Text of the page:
Achillea millefolium ‘Apricot Delight’. Photo by: Anna Gratys / Shutterstock.

If a garden perennial could have a theme song, yarrow’s would be “I Will Survive.” It grows strong and has learned how to get along in even the toughest situations including drought, infertile soils, and sweltering heat. No one would guess that such a delicate-looking flower could be so resilient.

Achillea (yarrow) is one of the perennials that can rescue a barren, dry area and cover it with bloom,” say Jeff and Marilyn Cox, authors of The Perennial Garden: Color Harmonies through the Seasons.

The same common white yarrow (A. millefolium) found flourishing in meadows and prairies has made its way into the perennial garden in recent years with the introduction of new cultivars and hybrids that offer a broader array of colors and forms while retaining yarrow’s gutsy nature. With selections ranging from low-growing ground covers to loftier plants for the middle or back of the border, there is a garden yarrow for almost any purpose.

On this page: Yarrow Basics | Grow Your Own | In The Garden | Yarrow Pictures | Plant and Seed Sources

YARROW BASICS

Plant type:

Herbaceous perennial

Zones:

Typically zones 3-9, but can vary depending on the cultivar.

Bloom time:

Early summer to early fall, depending on the climate. In warmer growing zones, flowering begins earlier; in cooler zones it often continues into fall.

Length of bloom:

3 months or longer

Height:

Varies by species, ranging anywhere from 8 inches to 5 feet.

Ornamental attributes:

Yarrow produces an abundance of broad, flat-topped flower clusters (or corymbs) made up of dozens of tiny daisy-like florets. Colors range from white and soft pastels to brilliant shades of yellow, red, orange and gold. Some cultivars, such as ‘Red Velvet’, have flowers with contrasting center stamens. The feathery foliage is also attractive, with finely divided gray or green leaves that remain evergreen in warmer climates.

Pros:

  • Flowers are excellent for cutting, lasting for weeks in a vase.
  • Not bothered by deer, rabbits, or other pests.
  • Isn’t picky about soil and will even tolerate clay.
  • The leaves are aromatic, releasing a pleasant herbal scent when crushed.

Cons:

  • Taller varieties may require staking.
  • Spreads quickly by rhizomes and requires division every few years to keep them invigorated.
  • Prone to powdery mildew and stem rot if planted in shady or wet sites.

GROW YOUR OWN

Light preference:

Full sun.

Soil:

Although yarrow will grow well in just about any type of soil, taller types tend to flop in soils that are rich or overly moist. They are at their best growing in well-drained, slightly acidic soil. “If you have trouble growing yarrow, it’s most likely because your soil is too wet. Plant it on high, dry spots,” recommend Jeff and Marilyn Cox.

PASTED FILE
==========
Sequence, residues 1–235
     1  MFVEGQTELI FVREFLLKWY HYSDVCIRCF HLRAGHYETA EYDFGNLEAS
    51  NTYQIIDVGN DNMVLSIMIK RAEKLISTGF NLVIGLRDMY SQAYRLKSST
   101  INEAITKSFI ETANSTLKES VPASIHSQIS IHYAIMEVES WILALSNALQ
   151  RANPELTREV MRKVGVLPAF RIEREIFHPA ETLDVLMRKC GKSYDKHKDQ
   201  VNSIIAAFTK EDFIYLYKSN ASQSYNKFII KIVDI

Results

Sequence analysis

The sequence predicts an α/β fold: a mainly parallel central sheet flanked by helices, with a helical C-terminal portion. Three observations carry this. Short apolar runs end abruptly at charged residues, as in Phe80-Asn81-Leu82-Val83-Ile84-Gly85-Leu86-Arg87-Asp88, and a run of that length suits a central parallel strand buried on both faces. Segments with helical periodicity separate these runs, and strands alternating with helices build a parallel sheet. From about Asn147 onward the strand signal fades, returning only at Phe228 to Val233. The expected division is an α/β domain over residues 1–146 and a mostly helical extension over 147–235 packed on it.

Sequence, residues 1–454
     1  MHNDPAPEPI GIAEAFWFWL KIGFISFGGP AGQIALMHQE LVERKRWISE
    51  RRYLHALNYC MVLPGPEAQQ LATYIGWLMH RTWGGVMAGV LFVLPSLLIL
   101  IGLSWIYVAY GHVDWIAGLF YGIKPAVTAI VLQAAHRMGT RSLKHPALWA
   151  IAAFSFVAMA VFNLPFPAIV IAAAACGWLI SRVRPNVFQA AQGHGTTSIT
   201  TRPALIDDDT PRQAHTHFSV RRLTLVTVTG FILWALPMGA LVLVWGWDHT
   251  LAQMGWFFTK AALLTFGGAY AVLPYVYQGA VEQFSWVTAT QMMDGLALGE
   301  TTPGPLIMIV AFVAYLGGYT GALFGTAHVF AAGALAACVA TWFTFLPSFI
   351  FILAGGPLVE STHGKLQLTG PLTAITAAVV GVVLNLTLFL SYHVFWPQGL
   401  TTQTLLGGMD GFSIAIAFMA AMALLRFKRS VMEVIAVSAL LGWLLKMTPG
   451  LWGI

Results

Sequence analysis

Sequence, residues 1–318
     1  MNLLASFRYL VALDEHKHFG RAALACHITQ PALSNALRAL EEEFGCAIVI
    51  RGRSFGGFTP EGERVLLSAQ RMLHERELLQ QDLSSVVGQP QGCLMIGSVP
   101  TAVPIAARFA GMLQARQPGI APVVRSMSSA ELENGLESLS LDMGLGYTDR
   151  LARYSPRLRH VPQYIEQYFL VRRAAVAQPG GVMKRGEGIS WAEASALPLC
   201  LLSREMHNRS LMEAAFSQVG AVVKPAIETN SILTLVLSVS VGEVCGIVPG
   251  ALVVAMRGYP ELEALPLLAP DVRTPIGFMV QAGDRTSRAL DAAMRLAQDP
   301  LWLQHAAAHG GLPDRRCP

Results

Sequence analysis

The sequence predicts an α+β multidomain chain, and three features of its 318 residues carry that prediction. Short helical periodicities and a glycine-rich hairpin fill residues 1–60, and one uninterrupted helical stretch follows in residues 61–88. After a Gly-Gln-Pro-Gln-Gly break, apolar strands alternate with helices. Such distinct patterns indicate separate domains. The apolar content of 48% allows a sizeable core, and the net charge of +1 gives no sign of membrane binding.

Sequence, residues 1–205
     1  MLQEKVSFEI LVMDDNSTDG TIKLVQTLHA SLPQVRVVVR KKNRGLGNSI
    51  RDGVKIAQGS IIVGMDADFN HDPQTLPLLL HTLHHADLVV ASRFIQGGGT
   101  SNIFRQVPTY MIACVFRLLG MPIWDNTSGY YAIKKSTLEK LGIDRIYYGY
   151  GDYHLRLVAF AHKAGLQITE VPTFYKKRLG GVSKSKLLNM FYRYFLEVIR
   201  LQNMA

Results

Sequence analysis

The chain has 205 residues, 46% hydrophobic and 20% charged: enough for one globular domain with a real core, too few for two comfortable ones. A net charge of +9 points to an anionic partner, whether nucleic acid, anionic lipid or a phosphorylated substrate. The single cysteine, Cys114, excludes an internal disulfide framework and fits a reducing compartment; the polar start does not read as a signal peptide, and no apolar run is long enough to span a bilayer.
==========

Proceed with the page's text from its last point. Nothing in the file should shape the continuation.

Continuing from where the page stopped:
Planting:

Sow seeds or plant nursery-grown plants in fall or early spring after the danger of frost has passed. Most yarrows grown from seed will be inconsistent in height and flower color. If you want a specific color, height or form, buy potted plants.

Water and fertilizing requirements:

Yarrow is one perennial that actually thrives on neglect, and your plants will suffer if you overwater or overfertilize them. Keep the soil evenly moist until the roots become established, but after that only water your plants when the soil is completely dry. Fertilization is rarely needed.

Dividing:

Divide yarrow every 2 to 3 years in spring or fall to avoid overcrowding and to reinvigorate plants that begin to look matted and untidy.

Pruning:

Deadheading yarrow will encourage repeat blooming and often prolong flowering into fall. If your plants become too tall and lanky, shearing back the foliage will make them bushier and often eliminate the need for staking. To reduce disease problems, thin out plants that become overcrowded and cut out any dead growth.

IN THE GARDEN

Use low-growing forms of yarrow as a soft-looking evergreen edging or even as an alternative to turf grass in dry climates. Because yarrow spreads by rhizomes, it will quickly form dense mats of water-thrifty foliage. Read more about alternative lawn plants.

Varieties with silver foliage and pale flowers, such as ‘Moonshine’, are great additions to evening gardens, alongside other plants with shimmery light-reflective foliage.

Use yarrows with rich yellow or gold tones, such as ‘Coronation Gold’, as a warm contrast to blue, purple or violet perennials, such as speedwell (Veronica spicata), Geranium ‘Johnson’s Blue’ and salvias (see Garden Color Schemes).

Plant yarrow in pollinator gardens along with other perennials that attract bees and butterflies, such as butterfly weed and bee balm.

Because of their drought tolerance, yarrows are an ideal choice for low-water or xeriscape gardens.

Yarrows with compact growth habits and eye-catching colors, such as ‘Paprika’ and ‘Peachy Seduction’, make splendid “thriller” plants in outdoor container combinations. The large, flat-topped blooms look like colorful sun parasols while the feathery foliage adds great texture.

To enjoy yarrow in dried flower arrangements, tie fresh-cut bunches into bundles and hang them upside down by the stems in a cool, dry place. The dried flower heads will retain their color for months.

YARROW PICTURES

Swipe to view slides

Photo by: Mark Herreid / Shutterstock.